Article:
Not all prenatal vitamins contain the same nutrients, so it’s important to read labels carefully. In addition to the folic acid and iron mentioned above, your prenatal vitamin should also contain these nutrients.

  • Calcium: Calcium is essential for your baby’s development. It is used to help your baby grow strong teeth and bones, as well as healthy muscles and nerves.

 

 

  • Essential Fatty Acids: Prenatal vitamins don’t always contain the essential omega-3 fatty acids, EPA and DHA, but they should. These nutrients are crucial for the healthy development of your baby’s eyes, nerves, and brain. If you don’t eat a lot of fatty fish during pregnancy, you probably aren’t getting enough omega-3s, so you’ll want to look for them in your prenatal supplement or take them separately. Flaxseed oil is a viable source of omega-3s for those on a plant-based diet.

 

 

 

  • Vitamin D: Vitamin D is a fat-soluble vitamin that is necessary for strong bones and teeth, both yours and your baby’s. It is also essential for maintaining optimum levels of calcium. A lack of vitamin D during pregnancy could lead to abnormal bone growth and developmental delays. It may also increase your risk of developing gestational diabetes and preeclampsia.

pregnant woman

 

Other Things to Consider When Choosing Your Prenatal Vitamin

Now that you know which nutrients to look for in your prenatal vitamin, here are some other things to consider when choosing the supplement that’s right for you.

If you have trouble swallowing pills or are dealing with nausea:

One of the first things you’ll notice when you start shopping around for prenatal vitamins is that the pills tend to be huge. For some women, they’re really hard to swallow, and if you’re dealing with pregnancy-related nausea, it’s even worse.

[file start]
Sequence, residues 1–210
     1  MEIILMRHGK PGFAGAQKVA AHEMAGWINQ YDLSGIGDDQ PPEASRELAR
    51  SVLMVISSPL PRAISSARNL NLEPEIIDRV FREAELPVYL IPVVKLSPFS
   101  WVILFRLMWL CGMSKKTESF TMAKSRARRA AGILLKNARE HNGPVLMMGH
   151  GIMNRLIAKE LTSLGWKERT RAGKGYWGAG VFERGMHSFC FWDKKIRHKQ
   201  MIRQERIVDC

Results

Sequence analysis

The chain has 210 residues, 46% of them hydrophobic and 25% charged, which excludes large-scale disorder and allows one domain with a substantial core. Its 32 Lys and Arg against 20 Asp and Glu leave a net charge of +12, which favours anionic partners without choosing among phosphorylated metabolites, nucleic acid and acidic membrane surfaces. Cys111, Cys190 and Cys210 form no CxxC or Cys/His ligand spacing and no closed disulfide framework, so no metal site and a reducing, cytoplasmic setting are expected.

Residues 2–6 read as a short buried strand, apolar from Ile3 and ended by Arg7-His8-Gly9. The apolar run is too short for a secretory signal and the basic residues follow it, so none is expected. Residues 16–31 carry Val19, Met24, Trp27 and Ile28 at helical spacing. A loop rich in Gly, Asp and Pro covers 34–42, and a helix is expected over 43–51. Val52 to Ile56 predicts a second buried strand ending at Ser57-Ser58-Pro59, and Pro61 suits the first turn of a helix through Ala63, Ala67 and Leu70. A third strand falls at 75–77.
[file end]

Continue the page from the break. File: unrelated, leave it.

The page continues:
If this is a problem for you, look for organic prenatal gummy vitamins. They’re much easier to get down because they taste good and you can chew them up, rather than trying to swallow them whole. Choosing organic is always a good idea because you’ll know the supplement is free of harmful ingredients and additives.

If prenatal vitamins upset your stomach:

Nausea is a common problem during pregnancy, especially in the first trimester. If you notice that your nausea is worse after you take your prenatal vitamin, the iron in your supplement may be the culprit. Taking your supplement at bedtime, splitting the dose up into smaller doses throughout the day, or taking your prenatal with food may reduce queasiness. If that doesn’t work for you, talk to your doctor about switching to an iron-free supplement during the first trimester. 

Final Thoughts

Eating a healthy diet, staying active, and getting plenty of rest, fresh air, and sunshine will go a long way toward ensuring a healthy pregnancy. However, it can be difficult to meet your increased nutritional needs through diet alone, especially if you’re dealing with food aversions or have dietary restrictions. Choosing the right prenatal vitamin is crucial for filling in any nutritional gaps in your diet and ensuring your baby’s healthy development.